Getting enough sun? It may be just as essential as adding more exercise to your daily routine or eating more vegetables. Increasingly, research from Canada and abroad is the importance of the “sunshine vitamin,” or as it’s more commonly known; Vitamin D.
Our bodies produce Vitamin D from exposure to the sun when we are not wearing sunscreen. This in turn helps the body absorb calcium, maintaining bone strength, and helping muscles, nerves and the immune system function properly. Although Vitamin D is not found in many foods, good sources include milk, fatty fish such as salmon, eggs, and various fortified foods (for example, orange juice, yogurt).
For many people living in the more northern areas of the world, sunshine can be extremely limited in winter, which leads to a decrease in Vitamin D absorption and can bring on forms of depression such as seasonal affective disorder (SAD). To combat this, many inventive solutions have been implemented. For examples, the city of Umeå, Sweden sees less than eight hours of sunlight a day in the winter due to its northerly position. This prompted the local power agency to place special phototherapy tubes in city bus stops. These tubes generate full-spectrum light without the harmful UV rays of the sun, and so far have been a success in Umeå.
Vitamin D has also been the subject of various new research findings and studies. In March 2012, doctors at Children’s Hospital Boston found that Vitamin D intake was associated with a lower risk of developing stress fractures among girls involved in high-impact activity when compared to a similar intake of dairy and calcium. In November, professors John White and David Goltzman of McGill University found that Vitamin D was able to slow the production and function of a protein called cMYC, which is active at elevated levels in many types of cancers and drives the division of cancer cells. Vitamin D made some of the first headlines of 2013 when a Northwestern Medicine study was released. The study found that women who were obese at the start of their pregnancy did not pass on sufficient amounts of Vitamin D to their babies, despite having similar Vitamin D levels to those of leaner women.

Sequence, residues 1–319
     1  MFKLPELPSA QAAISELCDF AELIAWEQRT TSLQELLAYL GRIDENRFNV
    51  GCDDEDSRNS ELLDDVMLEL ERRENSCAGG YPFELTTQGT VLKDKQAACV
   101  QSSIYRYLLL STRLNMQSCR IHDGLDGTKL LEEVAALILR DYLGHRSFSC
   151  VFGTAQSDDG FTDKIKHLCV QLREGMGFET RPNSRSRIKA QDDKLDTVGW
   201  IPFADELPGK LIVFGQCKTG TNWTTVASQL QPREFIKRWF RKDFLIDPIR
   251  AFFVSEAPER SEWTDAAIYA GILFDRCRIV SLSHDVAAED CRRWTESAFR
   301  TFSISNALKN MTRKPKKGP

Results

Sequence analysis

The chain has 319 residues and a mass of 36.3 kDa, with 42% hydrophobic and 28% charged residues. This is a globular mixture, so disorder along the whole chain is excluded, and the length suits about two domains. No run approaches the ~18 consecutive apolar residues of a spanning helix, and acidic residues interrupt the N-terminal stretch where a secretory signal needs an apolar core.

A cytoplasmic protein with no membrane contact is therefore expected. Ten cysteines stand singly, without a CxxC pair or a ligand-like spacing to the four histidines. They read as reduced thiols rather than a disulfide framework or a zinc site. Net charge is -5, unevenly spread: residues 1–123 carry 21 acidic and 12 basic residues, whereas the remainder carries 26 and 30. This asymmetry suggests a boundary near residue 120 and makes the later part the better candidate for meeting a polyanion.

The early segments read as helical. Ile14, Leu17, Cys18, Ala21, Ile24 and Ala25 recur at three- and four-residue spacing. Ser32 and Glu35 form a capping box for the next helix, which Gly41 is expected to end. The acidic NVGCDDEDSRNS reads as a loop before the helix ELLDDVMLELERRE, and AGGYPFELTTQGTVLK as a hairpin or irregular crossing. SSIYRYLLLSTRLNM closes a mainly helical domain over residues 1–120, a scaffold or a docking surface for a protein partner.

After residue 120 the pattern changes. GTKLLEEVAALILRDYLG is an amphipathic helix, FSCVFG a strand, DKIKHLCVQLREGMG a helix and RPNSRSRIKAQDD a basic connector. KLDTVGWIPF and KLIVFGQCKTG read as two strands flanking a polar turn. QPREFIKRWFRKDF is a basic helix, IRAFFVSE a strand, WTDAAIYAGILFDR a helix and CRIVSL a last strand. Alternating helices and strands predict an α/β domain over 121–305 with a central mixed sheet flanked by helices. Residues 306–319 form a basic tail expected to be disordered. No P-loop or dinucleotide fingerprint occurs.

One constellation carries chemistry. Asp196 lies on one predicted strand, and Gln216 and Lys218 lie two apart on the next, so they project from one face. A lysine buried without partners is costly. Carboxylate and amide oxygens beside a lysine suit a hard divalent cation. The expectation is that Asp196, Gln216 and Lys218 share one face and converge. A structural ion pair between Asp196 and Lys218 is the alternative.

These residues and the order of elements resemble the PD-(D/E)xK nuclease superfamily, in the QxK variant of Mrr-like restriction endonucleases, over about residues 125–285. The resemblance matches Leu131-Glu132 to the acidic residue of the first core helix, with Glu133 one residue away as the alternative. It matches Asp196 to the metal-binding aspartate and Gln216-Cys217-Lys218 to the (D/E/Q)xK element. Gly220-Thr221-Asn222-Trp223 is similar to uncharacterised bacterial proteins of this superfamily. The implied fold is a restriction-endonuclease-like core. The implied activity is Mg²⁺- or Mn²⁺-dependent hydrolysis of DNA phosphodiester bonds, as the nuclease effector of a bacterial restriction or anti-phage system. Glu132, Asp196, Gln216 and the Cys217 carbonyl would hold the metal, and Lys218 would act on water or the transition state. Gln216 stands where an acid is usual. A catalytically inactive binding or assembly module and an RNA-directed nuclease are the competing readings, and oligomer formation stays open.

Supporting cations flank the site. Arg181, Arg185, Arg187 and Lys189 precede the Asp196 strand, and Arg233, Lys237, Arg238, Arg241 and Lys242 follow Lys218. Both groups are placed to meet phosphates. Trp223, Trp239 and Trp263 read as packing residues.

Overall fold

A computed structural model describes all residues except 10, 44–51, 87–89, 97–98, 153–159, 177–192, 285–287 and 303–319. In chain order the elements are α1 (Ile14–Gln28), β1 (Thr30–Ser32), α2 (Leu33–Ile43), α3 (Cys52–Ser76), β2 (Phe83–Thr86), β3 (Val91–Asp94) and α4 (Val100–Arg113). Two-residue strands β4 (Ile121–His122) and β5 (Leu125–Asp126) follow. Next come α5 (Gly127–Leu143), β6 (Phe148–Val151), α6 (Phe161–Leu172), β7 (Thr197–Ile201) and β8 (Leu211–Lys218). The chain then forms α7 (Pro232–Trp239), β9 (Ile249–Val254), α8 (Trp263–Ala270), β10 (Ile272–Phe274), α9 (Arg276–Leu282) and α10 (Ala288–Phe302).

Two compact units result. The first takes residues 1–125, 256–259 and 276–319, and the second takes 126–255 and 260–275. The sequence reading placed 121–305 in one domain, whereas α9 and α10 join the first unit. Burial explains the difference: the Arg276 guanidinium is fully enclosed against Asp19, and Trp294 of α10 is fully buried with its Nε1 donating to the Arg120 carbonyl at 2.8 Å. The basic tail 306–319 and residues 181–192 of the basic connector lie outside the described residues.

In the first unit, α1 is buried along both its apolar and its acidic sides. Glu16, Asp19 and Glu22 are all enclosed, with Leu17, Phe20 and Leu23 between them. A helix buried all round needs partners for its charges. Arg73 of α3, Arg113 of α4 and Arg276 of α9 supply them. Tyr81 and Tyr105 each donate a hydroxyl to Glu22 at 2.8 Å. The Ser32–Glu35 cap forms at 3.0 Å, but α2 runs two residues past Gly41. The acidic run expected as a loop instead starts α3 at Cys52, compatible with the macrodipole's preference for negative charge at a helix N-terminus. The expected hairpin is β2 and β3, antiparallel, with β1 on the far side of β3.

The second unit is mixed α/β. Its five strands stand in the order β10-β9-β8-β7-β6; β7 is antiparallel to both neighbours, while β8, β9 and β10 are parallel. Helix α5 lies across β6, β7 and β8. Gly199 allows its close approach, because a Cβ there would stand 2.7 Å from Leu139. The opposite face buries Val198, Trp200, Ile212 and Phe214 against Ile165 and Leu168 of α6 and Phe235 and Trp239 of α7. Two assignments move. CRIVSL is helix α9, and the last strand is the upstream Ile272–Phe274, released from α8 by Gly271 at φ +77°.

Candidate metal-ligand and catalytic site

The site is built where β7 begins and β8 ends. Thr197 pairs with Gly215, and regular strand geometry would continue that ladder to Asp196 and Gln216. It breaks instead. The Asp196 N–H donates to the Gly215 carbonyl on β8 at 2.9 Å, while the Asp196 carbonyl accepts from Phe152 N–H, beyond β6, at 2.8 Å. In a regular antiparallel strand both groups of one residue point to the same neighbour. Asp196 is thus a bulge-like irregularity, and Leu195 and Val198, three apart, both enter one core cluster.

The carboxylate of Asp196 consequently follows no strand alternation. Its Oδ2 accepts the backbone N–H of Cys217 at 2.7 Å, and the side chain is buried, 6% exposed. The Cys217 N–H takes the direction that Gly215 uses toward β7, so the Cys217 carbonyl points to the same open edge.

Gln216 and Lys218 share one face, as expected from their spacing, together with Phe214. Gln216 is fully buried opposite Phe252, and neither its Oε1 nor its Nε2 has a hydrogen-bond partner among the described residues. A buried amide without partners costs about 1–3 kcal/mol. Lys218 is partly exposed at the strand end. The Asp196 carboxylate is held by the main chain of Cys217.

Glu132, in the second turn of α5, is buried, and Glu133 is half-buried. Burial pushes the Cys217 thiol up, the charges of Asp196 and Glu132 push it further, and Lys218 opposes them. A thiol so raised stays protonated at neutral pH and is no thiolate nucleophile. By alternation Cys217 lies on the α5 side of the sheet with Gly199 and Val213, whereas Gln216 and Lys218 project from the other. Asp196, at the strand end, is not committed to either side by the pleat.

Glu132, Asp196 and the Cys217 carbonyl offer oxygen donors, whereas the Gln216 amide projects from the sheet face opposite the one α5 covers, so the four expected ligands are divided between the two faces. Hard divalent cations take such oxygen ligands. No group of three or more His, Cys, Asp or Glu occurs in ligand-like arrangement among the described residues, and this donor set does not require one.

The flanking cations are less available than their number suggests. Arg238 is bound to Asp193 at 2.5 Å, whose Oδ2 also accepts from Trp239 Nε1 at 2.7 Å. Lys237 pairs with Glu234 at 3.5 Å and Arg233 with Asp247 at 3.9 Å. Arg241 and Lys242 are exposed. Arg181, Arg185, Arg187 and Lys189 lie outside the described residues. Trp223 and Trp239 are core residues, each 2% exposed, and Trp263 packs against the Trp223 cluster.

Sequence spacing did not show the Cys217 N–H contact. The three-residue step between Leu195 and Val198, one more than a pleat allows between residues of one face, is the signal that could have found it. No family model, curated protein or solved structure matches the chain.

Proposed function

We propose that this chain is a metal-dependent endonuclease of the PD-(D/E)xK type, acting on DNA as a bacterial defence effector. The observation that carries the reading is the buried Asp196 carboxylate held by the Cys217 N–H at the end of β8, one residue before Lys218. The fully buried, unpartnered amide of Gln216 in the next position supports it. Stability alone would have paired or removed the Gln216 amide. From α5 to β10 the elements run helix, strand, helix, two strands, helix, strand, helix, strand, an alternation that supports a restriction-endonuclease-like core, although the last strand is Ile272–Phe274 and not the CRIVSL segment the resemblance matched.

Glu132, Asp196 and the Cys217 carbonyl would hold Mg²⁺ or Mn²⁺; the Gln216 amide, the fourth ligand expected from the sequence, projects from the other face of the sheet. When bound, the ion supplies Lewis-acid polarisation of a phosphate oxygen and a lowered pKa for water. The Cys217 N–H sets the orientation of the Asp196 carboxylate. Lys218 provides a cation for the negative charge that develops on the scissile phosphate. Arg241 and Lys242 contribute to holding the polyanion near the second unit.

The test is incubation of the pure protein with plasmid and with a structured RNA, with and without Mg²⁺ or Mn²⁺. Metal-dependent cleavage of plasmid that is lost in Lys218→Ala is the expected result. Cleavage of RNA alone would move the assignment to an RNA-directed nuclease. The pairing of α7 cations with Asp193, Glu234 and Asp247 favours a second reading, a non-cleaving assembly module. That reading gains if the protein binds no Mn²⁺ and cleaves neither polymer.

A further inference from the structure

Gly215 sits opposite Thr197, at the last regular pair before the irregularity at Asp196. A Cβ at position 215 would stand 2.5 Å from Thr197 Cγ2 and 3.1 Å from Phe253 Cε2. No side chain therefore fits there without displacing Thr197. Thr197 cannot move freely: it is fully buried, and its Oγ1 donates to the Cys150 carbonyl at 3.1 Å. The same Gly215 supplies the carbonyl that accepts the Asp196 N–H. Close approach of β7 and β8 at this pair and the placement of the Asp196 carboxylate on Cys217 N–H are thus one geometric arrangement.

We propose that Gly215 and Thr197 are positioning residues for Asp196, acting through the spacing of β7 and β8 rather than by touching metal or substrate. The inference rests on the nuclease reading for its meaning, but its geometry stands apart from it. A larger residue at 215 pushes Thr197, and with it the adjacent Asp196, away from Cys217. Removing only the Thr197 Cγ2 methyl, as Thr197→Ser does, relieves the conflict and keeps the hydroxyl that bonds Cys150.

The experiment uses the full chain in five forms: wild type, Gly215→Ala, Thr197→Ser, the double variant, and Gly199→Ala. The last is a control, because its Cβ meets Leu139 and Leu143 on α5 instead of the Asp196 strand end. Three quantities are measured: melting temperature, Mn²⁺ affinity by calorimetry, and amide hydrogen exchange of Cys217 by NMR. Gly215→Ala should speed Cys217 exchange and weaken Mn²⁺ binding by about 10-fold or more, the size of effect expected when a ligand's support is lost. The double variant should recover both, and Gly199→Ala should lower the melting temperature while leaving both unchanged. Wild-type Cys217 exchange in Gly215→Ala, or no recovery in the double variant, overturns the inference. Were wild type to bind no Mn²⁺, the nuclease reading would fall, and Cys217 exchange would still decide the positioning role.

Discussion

However, a Dutch study published in the Canadian Medical Association Journal goes against much of the Vitamin D research that has been published. An article on the study in The Globe and Mail reported that low levels of Vitamin D were found in people of exceptional age – meaning that the secret to living a longer life may be linked to lower levels of vitamin D, even though absence of the vitamin has been linked to a greater risk of illnesses such as diabetes, cancer, and heart disease.
It is important to note that Vitamin D can be too much of a good thing. Like any new diet, one should always consult a doctor before making any major changes, especially since something such as Vitamin D in excess can be harmful to one’s health. Perhaps it’s always best to live by the old adage: everything in moderation.
For more on recommended Vitamin D levels and general information on the sunshine vitamin, please visit the links below:
Office of Dietary Supplements, National Institutes of Health (United States): http://ods.od.nih.gov/factsheets/VitaminD-QuickFacts/
 “What you need to know about Vitamin D” Eat Right Ontario http://www.eatrightontario.ca/en/Articles/Nutrients-%28vitamins-and-minerals%29/What-you-need-to-know-about-Vitamin-D.aspx Accessed: January 8, 2013
 “Phototherapy bus stop lamps keep SAD Swedes happy” By Scott Sutherland http://ca.news.yahoo.com/blogs/geekquinox/phototherapy-bus-stop-lamps-keep-sad-swedes-happy-230227499.html Accessed: January 8, 2013
 “Vitamin D intake may be associated with lower stress fracture risk in girls” EurekAlert News Release http://www.eurekalert.org/pub_releases/2012-03/jaaj-vdi030212.php Published: March 5, 2012, Accessed: January 8, 2013
 “Newly discovered effects of vitamin D on cancer” McGill University News Release http://www.mcgill.ca/newsroom/channels/news/newly-discovered-effects-vitamin-d-cancer-219089 Published: November 22, 2013, Accessed: January 8, 2013
 “Obese Moms Risk Having Babies With Low Vitamin D, Study Finds” Science Daily http://www.sciencedaily.com/releases/2013/01/130107150714.htm?utm_source=twitterfeed&utm_medium=twitter&utm_campaign=Feed%3A+sciencedaily%2Fmost_popular+%28ScienceDaily%3A+Most+Popular+News%29 Published: January 7, 2013, Accessed January 8, 2013